Matthew Herasuta, MBA, MLS(ASCP)CM is a medical laboratory scientist who works as a generalist and serves as the Blood Bank and General Supervisor for the regional Euclid Hospital in Cleveland, OH.

Rising Cost of Send Out Tests

More and more in this day and age, the laboratory is encouraged to reduce costs and streamline operations by using available resources in the most effective and efficient manner possible. One of the areas of the lab that is increasingly becoming a problem when it comes to cost reduction is the send out area. Since most labs can now perform the vast majority of their testing on automated chemistry and hematology analyzers, tests that must be performed at reference laboratories are increasingly esoteric, manual, and/or molecular diagnostic tests. And those tests are expensive.

As an example, my own lab sent out about 10 chromosomal microarray (CMA) tests in 2008; that number increased to  400 CMA tests in 2011 and is  on track to be 865 in 2013. At $1400.00 each, the cost to the lab increased from $14,000 to $1.2 million over that time period. And that’s just one relatively inexpensive molecular diagnostic test. Some of the gene sequencing tests can run between $5000, and $10,000 per test.

Labs are trying a multitude of different schemes in order to try to curb these send out test costs. One method that is fairly effective is to have a “gatekeeper” – a person or persons who review and must approve every test that leaves the lab that costs over a pre-set amount. This particular method is probably one of the best for controlling send out costs, but it requires time and commitment on the part of the gatekeeper, and a willingness to interact with physicians who have ordered the tests that may be less than happy than someone is questioning their order.

Another method used for send out cost control is to include some indication of the cost of the test in the computer system. When the test is ordered, the ordering provider is aware of the exact cost of the test. Some institutions are using a dollar sign system to implement this. For example “$” may mean that a test costs under $50 and “$$$$$” may indicate a test costing over $5000, with other levels in between these two.

A third method is to have a lab “formulary.” Any test found in the formulary can be ordered with no problems. Tests that are not included in the formulary must be approved by the lab before being ordered and sent out.

Whatever method a laboratory uses, it is clear that some means of regulating the rising send out costs is going to be necessary for all labs. Until molecular diagnostic tests become automated and routine, they will continue to be expensive.

-Patti Jones

Succession Planning

You have found yourself as a supervisor/manager ready to take the next step in your career. A position has become open for which you have been waiting and preparing. You get to the interview and then the question you weren’t prepared for comes: “With you stepping into this new role, who amongst your staff will be ready to step into your current role?” Is this possible? With all of your hard work you forgot one of the most important details about you moving on: succession planning. We have all heard it before but it can and will be a limiting factor to your success in your career. Executive management looks for people that can mentor the next in line for when it is your time to claim another rung on the career ladder. A CEO once told me in an interview, “Your moving up in any company is limited by how successful you are in finding and mentoring the people that will follow behind you.”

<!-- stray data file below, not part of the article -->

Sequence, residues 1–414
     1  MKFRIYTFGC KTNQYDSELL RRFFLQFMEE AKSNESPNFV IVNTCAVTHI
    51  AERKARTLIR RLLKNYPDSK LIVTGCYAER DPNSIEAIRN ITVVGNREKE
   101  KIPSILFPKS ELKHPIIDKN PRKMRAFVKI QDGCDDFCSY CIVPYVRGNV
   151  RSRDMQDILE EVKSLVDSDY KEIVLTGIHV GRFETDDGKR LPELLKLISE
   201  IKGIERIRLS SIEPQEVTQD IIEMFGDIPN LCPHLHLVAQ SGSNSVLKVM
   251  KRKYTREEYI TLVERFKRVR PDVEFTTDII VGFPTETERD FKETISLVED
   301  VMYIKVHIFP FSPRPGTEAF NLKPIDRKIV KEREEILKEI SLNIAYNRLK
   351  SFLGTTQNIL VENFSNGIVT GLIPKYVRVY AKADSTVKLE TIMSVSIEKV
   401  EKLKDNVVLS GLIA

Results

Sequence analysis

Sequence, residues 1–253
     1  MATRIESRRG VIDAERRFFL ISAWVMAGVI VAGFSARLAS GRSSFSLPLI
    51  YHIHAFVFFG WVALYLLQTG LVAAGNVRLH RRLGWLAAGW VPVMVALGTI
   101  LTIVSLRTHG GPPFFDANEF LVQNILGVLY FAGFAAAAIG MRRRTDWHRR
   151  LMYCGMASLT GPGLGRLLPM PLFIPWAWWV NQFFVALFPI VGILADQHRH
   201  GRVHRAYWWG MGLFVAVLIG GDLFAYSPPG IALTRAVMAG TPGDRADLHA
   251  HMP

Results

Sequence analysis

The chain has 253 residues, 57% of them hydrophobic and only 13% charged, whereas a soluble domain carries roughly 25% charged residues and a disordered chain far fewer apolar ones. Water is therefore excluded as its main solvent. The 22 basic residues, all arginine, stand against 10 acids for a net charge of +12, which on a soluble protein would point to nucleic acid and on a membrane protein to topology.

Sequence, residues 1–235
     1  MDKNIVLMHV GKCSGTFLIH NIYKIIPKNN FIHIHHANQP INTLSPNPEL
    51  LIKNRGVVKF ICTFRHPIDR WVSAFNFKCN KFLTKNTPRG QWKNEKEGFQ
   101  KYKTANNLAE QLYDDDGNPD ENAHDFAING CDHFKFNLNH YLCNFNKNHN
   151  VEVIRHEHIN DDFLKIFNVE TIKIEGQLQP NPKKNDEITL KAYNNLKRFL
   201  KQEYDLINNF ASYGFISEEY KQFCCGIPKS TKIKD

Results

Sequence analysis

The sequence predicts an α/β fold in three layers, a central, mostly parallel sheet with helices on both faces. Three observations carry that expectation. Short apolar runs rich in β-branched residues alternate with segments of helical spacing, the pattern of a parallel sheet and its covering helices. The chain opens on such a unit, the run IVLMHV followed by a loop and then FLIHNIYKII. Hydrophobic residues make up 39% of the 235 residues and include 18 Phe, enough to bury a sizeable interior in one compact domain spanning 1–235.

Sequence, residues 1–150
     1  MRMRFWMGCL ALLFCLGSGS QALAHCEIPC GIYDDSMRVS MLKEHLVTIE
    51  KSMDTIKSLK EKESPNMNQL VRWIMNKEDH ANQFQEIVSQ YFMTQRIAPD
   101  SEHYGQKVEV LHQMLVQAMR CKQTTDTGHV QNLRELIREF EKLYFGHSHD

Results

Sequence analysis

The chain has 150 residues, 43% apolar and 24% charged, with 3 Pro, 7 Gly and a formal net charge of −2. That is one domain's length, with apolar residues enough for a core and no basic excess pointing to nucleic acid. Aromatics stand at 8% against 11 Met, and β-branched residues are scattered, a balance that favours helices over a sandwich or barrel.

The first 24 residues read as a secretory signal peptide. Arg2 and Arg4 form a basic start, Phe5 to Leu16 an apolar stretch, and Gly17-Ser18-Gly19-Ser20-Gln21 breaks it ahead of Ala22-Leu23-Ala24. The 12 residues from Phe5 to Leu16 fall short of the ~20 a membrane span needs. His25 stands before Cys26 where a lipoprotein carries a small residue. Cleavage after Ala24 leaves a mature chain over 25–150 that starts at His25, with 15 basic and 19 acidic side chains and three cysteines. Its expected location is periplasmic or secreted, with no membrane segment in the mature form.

As a laboratory supervisor I have found one of the toughest issues I face is finding people with the correct credentials that could fill my spot. Bachelors programs in Medical Technology or Clinical Laboratory Science (My degree) are few and far between. I had four students in my graduating class and the university closed the program two years after I graduated. While there is nothing subpar about the associate degree programs, we are bound by regulations that state supervisors and managers have a bachelor’s degree. There are options for people to go back and get the bachelor’s degree and then take the MT test but that adds another level of difficulty (finding people with the desire to take that next step). Identifying the person qualified first, then capable second is the challenge that all supervisor/managers face.

We have to start somewhere so let us start with qualified. This starts with the hiring process. It may be easy to hire candidates with the minimum qualifications to fill that spot you desperately need filled but you must resist that temptation. Look ahead and try to envision where this candidate fits six months or a year down the road. You should always be looking for your next supervisor. If you find yourself hired into a new laboratory you must identify quickly who will be able to take on more responsibility. I would take tasks that you perform and rate them on difficulty and level of problem solving. If an employee shows interest in taking on additional responsibility you give them low level tasks first, then you progress. This allows you to mentor them and let them grow into more responsibility. It also allows you to delegate tasks which can free up more time for you to take on higher level responsibility yourself.

This progressive thinking and working should be happening on a consistent basis. It should be fluid and really start from the top of your organization. If it doesn’t then try to get it started yourself and build up the people beneath you. When it comes time for you to take that next step the person that fills your shoes will be set up for success.

-Matthew Herasuta